clock menu more-arrow no yes mobile

Filed under:

Cowboys @ Redskins Snap Counts: Winning With An Opportunistic Defense

Want to know which Cowboys players were on the field for how many snaps? Look no further.

Elsa/Getty Images

When you're up 27-10 at halftime, snap counts for an entire game begin to lose their significance. Defenses tend to play with more of a prevent mode, offenses focus more on protecting the ball and avoid taking risks that may be necessary to convert those long third downs.

For the Cowboys, limiting the snaps of their defense was (and remains) their success model in tight games. When the game's an early blowout, that model goes out the window. With that out of the way, here's the season summary of the Cowboys' snap counts

Cowboys Snap Count by Week

Offense 69 80 56 66 76 75 62 65 64 60 54 61 62 82 63 63 1,058
Defense 58 49 76 61 59 49 63 67 67 71 73 77 69 55 62 69 1,025
Difference +11 +31 -20 +5 +17 +26 -1 -2 -3 -9 -19 -16 -7 +27 +1 -6 +33

Overall, the Cowboys offense took 1,014 snaps according to (whose numbers differ slightly from those in the official gamebooks). That's the 18th most in the NFL. The defense was on the field for only 978 snaps, the fifth-lowest value in the league in 2014. That's significantly down from the 1,094 snaps in 2013 (6th most in the NFL), and one of the reasons why the Cowboys finished this year with 22.0 points allowed per game (ranked 15th) versus last year's 27.0. That five-point swing per game is all you need to know about why the Cowboys are 12-4 this year and were 8-8 last year.

On to the snap counts on offense

Cowboys' Offensive Snap counts vs Redskins
Player Snaps Player Snaps Player Snaps Player Snaps Player Snaps
Romo 63 Smith 64 Murray 40 Witten 63 Bryant 55
1 Leary 64 Clutts 15 Hanna 24 Williams 46

Frederick 64 Dunbar 12 Escobar 9 Beasley 24

Martin 64 Randle 9

Harris 12

Parnell 64

Street 9

Hills 2

As the Cowboys had announced prior to the game, they played their starters, only bringing in Brandon Weeden for one glorious handoff. Apart from that, the snap distribution here looks just like the snap count from any other one of the previous games.

Note also that Jermey Parnell started five games for the Cowboys instead of the injured Doug Free, and it doesn't look like the O-line skipped a beat. Pro Football Focus gave Parnell a grade of +8.7 for his play this year, which is slightly higher than Doug Free's 8.5 grade, which Free accumulated over 11 starts. Interestingly, on a per snap basis, Parnell grades out the highest among all Cowboys offensive linemen. Read into that whatever you want, but know one thing for sure: At the very least, this gives the Cowboys options in free agency at right tackle.

On to the defense:

Cowboys' Defensive Snap counts vs Redskins
Defensive Tackles Defensive Ends Linebackers Cornerbacks Safeties
Player Snaps Player Snaps Player Snaps Player Snaps Player Snaps
T. Crawford 46
D. Lawrence 38
Carter 56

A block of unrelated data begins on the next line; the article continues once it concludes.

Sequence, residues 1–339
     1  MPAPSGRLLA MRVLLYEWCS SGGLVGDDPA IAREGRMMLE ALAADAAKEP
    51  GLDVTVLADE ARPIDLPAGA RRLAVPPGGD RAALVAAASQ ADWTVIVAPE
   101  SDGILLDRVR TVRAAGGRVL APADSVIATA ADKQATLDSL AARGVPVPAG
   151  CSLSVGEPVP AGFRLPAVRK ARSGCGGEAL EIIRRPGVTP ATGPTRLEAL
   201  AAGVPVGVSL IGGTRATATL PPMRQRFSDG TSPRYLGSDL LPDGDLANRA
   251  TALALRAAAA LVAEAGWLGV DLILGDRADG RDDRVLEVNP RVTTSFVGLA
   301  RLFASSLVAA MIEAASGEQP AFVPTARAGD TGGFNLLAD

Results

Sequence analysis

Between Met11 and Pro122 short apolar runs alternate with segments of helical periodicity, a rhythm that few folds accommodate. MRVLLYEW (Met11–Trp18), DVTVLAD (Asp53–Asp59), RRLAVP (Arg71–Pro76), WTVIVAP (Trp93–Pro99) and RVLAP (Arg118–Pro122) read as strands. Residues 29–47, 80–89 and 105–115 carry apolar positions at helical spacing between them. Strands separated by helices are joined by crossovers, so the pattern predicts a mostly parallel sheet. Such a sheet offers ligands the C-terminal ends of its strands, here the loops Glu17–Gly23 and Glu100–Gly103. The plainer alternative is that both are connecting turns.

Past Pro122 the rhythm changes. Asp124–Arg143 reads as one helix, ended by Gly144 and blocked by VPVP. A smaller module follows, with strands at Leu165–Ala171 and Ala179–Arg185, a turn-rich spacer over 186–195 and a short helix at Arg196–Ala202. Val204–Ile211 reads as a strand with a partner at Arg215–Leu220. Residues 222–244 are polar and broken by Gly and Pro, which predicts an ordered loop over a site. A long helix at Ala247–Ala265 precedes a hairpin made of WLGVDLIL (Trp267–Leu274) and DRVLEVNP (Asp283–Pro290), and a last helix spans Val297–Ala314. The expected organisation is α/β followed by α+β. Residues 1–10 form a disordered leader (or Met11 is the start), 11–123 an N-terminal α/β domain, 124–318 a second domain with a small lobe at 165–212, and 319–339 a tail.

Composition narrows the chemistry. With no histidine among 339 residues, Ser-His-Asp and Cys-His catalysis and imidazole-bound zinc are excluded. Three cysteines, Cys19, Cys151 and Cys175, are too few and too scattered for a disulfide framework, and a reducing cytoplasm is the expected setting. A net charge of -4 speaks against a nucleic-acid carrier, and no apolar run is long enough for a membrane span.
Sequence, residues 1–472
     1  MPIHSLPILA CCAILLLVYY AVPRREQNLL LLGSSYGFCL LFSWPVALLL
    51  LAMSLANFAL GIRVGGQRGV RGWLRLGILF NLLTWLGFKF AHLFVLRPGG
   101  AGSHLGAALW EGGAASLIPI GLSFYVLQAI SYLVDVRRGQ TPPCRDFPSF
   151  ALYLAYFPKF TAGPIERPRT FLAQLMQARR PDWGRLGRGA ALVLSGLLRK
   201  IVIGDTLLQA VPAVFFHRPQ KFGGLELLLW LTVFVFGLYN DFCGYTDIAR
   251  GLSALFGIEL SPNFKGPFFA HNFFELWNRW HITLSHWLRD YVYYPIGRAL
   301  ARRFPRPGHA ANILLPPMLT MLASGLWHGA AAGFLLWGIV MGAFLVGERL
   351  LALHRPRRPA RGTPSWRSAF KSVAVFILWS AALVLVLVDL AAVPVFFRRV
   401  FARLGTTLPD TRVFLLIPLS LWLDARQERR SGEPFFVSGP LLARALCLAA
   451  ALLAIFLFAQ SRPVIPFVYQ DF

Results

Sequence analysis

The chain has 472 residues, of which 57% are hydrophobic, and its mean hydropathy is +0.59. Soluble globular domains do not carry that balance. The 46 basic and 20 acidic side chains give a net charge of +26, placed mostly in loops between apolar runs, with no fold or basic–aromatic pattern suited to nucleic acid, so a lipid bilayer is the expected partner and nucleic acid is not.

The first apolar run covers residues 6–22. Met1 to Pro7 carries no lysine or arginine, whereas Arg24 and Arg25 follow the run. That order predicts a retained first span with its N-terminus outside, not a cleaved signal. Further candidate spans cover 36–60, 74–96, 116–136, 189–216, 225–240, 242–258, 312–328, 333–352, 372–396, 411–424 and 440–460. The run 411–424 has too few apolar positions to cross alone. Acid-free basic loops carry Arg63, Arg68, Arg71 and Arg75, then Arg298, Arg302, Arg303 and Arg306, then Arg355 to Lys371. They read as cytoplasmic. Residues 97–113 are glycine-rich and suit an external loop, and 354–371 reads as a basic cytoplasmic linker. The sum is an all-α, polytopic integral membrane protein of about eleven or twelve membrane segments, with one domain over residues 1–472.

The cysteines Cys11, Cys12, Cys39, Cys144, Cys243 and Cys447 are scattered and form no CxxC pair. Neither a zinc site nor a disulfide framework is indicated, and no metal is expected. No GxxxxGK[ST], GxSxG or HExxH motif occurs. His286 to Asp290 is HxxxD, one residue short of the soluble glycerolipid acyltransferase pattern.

Carr 69
T. McClain 40
Mincey 35
Lawrence 44
Scandrick 61
Church 52
Hayden 37
Selvie 26 Hitchens 21
Moore 56
Heath 15
Melton 6
Spencer 25
Wilber 20
Spillman 5

Boatright 16
Smith 8

Injuries to Henry Melton and Anthony Hitchens throw this week's snap counts a little out of whack, but overall we're seeing roughly the same snap distribution as in previous games.

Nobody is going to confuse the Cowboys defense for a Top 10 unit just yet. But for a unit widely expected to be one of the worst in the league this year, the defense has made remarkable progress.

Prior to Sunday's game, Redskins offensive coordinator Sean McVay said the Cowboys defenders "pursue and play really hard". Redskins fullback Darrel Young described the defense as "relentless." Redskins tight end Logan Paulsen said the Cowboys defense is a "group of guys that play really hard." Those statements echo a similar sentiment offered by Rod Marinelli last week:

"Everybody is hustling and hitting. No houseguests. Everybody has got to tackle, everybody has got to hustle, and it’s fun when you’re playing that way. They’re just a bunch of unselfish guys who go to work every day."

The Cowboys are not a great defense by any means. They don't have the talent or draft pedigree other defense have. They played Sunday without Sean Lee, Justin Durant, and Rolando McClain, a linebacking trio that would upgrade almost any defense in the NFL and still made do.

But above all, the defense is an opportunistic defense. Over the last four games, the Cowboys have recorded 12 takeaways, three more than the next best team over that span. That's the kind of momentum you want to maintain for the playoffs. And those takeaways have been critical in winning the field position battle.

Against the Redskins, the Cowboys didn't have as big a field position advantage as the final score might indicate, in part because of Tony Romo' interception in the 4th quarter that gave the Redskins the ball on the Cowboys' 16-yard line. Overall though, winning the field position battle has worked out well for the Cowboys this season.

Field Position Differential

Opponent 317 226 221 259 308 387 297 296 374 336 273 371 249 294 244 359
Cowboys 180 307 233 339 268 286 306 214 253 460 353 294 400 470 422 389
Difference -137 +81 +12 +80 -40 -101 +9 -82 -212 +124 +80 -77 +151 +176 +178 +30
Result L W W W W W W L L W W L W W W W

And finally, the special teams snap counts.

Special Teams Aces
Player Snaps Player Snaps
C. Lawrence
23 Hanna
Harris 21 Wilcox
Wilber 20 Dunbar
Heath 19 Spillman 15

This week's ironman award goes to J.J. Wilcox for 82 total snaps, even without a victory formation.

Sign up for the newsletter Sign up for the Blogging The Boys Daily Roundup newsletter!

A daily roundup of all your Dallas Cowboys news from Blogging The Boys